At Madras he proceeded to the house of a friend and left his luggage there. He began his pilgrimage. At Benares, he had the Darshan (vision) of Lord Visvanath. He visited Mahatmas (great souls) and temples. At Dhalaj, a village on the bank of the Chandrabaga river, he met a postmaster and lived with him. He acted as the postmaster's cook, and when the latter arrived home in the evening, the doctor was ready to shampoo his legs in spite of his remonstrances! It was the postmaster who suggested Rishikesh when the aspiring doctor wanted a place for solitary meditation.

Dr. Kuppuswamy reached Rishikesh on the 8th of May, 1924. On the 1st of June, 1924, there came His Holiness Sri Swami Visvananda Saraswati. The doctor saw a Guru in the monk and the monk saw a Chela (disciple) in the doctor. After a brief exchange of words, Dr. Kuppuswamy was initiated into the Sannyas order by Swami Visvananda. Swami Vishnudevanandaji Maharaj, the Mahant of Sri Kailas Ashram, performed the Viraja Homa ceremonies. The Guru named the doctor Swami Sivananda Saraswati. Swami Visvananda wrote the necessary instructions about Sannyas Dharma from Benares. Swami Sivanandaji stayed at Swargashram for Sadhana.

Swami Sivananda dressed to clothe himself, ate to live, and lived to serve humanity. A small dilapidated Kutir (hut), not resorted to by others and infested with scorpions, protected him from rain and sun. Living in that Kutir, he did intense Tapas (austerities), observed silence, and fasted. Often he fasted for days on end. He would keep a good stock of bread in his room, and for a week have this, together with Ganges water. He would stand up to the hips in the ice-cold Ganges in winter mornings and commence his Japa, coming out only when the sun appeared. He would spend more than twelve hours in daily meditation. With all his intense Tapas, Swamiji did not neglect service of the sick. He visited the huts of the Sadhus with medicines, served them, and shampooed their legs. He begged food on their behalf and fed them with his own hands when they fell sick. He brought water from the Ganges and washed their Kutirs. He attended upon cholera and small-pox cases. If necessary, he kept vigil through the night by the side of the bed of the ailing Sadhu. He carried sick persons on his back to the hospital. With some money from his insurance policy that had matured, Swamiji started a charitable dispensary at Lakshmanjula in 1927. He served the pilgrims and saw Narayana in them. Swamiji practiced all the various Yogas and studied the scriptures. After years of intense and unbroken Sadhana, he enjoyed the bliss of Nirvikalpa Samadhi. He had come to the end of his spiritual journey.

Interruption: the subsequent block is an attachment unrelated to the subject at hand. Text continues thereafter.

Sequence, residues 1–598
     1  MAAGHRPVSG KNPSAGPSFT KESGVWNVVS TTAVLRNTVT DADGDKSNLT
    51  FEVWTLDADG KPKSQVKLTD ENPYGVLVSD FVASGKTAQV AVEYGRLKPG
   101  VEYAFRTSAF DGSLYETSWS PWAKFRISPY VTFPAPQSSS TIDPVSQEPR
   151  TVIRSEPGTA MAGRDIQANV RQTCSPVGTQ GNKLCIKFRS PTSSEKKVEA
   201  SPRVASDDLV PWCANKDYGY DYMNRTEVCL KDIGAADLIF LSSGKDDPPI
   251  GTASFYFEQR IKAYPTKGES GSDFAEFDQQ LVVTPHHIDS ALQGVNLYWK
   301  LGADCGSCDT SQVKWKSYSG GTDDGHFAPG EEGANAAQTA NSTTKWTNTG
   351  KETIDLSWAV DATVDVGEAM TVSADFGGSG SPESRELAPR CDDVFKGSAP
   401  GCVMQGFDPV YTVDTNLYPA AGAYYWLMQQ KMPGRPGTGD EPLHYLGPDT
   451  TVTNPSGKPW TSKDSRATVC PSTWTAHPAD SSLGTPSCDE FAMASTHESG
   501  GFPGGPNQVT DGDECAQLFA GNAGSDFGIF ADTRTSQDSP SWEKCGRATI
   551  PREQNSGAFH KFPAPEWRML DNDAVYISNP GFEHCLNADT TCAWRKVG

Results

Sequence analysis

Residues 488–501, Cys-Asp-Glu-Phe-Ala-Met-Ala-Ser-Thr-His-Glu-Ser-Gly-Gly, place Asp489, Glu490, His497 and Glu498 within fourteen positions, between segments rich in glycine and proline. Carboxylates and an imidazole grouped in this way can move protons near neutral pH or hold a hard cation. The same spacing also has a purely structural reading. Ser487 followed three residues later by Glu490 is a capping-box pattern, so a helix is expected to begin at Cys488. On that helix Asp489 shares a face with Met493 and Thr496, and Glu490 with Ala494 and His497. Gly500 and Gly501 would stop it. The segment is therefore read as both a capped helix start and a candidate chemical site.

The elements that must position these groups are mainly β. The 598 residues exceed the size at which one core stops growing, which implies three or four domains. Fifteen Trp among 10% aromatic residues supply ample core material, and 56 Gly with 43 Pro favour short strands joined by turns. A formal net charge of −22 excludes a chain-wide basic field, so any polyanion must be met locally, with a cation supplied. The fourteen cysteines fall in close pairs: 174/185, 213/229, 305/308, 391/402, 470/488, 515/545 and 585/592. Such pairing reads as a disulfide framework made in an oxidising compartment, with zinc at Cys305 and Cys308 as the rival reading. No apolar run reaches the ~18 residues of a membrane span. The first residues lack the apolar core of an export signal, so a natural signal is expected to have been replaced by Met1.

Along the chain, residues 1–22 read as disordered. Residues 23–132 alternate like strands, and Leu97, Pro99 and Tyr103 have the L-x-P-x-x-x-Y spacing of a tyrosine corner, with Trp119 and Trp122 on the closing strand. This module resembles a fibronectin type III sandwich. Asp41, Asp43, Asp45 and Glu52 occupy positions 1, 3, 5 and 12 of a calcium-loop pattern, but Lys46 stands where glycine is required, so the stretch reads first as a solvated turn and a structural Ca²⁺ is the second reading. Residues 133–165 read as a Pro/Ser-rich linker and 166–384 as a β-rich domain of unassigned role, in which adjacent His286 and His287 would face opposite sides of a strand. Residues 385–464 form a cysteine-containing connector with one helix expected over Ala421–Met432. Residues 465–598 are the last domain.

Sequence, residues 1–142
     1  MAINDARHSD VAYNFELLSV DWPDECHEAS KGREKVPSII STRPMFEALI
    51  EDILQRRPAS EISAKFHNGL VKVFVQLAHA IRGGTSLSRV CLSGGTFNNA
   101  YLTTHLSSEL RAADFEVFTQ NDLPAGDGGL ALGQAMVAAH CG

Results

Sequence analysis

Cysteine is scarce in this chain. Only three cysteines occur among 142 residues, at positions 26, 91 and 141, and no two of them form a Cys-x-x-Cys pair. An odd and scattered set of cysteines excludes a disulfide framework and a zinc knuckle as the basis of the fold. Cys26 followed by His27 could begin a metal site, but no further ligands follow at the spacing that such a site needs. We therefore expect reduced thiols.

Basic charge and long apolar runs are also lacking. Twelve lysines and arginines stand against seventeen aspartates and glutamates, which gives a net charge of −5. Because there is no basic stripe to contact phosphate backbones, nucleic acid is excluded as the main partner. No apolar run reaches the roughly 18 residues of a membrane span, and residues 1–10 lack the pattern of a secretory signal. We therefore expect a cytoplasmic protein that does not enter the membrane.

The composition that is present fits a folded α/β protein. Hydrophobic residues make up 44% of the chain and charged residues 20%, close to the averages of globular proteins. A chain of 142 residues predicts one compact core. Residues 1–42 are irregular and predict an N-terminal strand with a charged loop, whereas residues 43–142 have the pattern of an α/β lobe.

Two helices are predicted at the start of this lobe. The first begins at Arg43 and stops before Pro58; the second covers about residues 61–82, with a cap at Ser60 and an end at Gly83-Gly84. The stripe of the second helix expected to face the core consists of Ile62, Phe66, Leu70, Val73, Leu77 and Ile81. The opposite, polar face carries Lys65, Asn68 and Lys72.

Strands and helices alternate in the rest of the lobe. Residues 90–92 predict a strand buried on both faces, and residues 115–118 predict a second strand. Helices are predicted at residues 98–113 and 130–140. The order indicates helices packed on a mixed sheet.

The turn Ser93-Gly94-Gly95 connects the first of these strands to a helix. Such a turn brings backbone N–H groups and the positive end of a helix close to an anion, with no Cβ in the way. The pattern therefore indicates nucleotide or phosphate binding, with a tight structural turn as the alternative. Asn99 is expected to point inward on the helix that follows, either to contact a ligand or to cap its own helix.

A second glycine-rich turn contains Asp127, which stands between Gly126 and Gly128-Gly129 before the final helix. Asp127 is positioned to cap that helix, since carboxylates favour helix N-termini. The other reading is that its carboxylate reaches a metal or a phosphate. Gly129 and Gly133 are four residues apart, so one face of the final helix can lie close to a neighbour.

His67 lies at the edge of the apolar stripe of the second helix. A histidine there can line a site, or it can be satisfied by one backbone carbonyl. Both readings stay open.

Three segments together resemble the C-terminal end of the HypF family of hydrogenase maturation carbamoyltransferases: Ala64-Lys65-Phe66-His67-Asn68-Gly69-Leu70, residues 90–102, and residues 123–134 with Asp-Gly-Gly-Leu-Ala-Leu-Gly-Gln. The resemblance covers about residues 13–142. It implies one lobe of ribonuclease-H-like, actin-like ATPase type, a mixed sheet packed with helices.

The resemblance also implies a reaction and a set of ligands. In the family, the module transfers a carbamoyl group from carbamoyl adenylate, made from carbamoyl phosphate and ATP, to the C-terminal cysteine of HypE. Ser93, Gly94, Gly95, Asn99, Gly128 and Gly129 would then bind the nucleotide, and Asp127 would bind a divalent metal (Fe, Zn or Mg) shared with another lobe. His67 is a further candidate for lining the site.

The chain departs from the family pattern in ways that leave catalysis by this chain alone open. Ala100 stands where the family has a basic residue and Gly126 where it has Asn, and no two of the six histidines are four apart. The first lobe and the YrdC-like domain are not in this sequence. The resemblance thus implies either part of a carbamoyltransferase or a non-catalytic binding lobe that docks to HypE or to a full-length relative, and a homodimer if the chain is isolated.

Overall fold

He used to gather bits of paper and used envelopes, and stitch them into little notebooks. He entered some self-instructions in them. Some of the instructions found in them read thus: "Give up salt, give up sugar, give up spices, give up vegetables, give up chutnies, give up tamarind". In another we read: Serve Bhangis, serve rogues, serve inferiors, remove faecal matter, clean clothes of Sadhus - take delight, carry water". In another page: "Do not revenge, resist not evil, return good for evil, bear insult and injury". On some neat little pages we again read: "Forget like a child any injury done by somebody immediately. Never keep it in the heart. It kindles hatred. Cultivate Maitri (friendship), Karuna (compassion), Daya (mercy), Prema (love), Kshama (forgiveness)". In another paragraph we see: "Develop good manners, extreme politeness, courtesy, etiquette, good demeanour, nobility, gentleness, mildness. Never be rude, harsh, or cruel. There is nothing to be hated in the world. Hatred is ignorance. All contempt for anything or being must be removed through love and Vichara (enquiry)".

Swamiji traveled the whole length and breadth of India during his Parivrajaka (wandering monk) life. He visited important places of pilgrimage in the South, including Rameswaram. He conducted Sankirtan and delivered lectures. He visited Aurobindo Ashram and met Maharishi Suddhananda Bharati. At Ramana Ashram, he had Darshan of Sri Ramana Maharishi on the Maharishi's birthday. He sang Bhajans and danced in ecstasy with the Bhaktas of Ramana. Swamiji went on a trip to Kailas-Manasarovar and Badri.

He returned after the pilgrimage, to Rishikesh, and in the year 1936 sowed the seed of The Divine Life Society on the bank of the holy Ganga. From a small beginning the Society grew imperceptibly and it is now the headquarters of a world-wide Organization having a large number of Branches both within the country and outside. He got the Divine Life Society Registered as a Trust in the year 1936, with the main objects of dissemination of spiritual knowledge and selfless service of humanity.

Swami Sivananda's Yoga, which he has significantly called the 'Yoga of Synthesis', effects a harmonious development of the 'hand', 'head' and 'heart' through the practice of Karma Yoga, Jnana Yoga and Bhakti Yoga.

On the 14th of July 1963, the Great Soul Swami Sivananda entered Mahasamadhi (departure of a Self-realized saint from his mortal coil) in his Kutir on the bank of Ganga, in Shivanandanagar.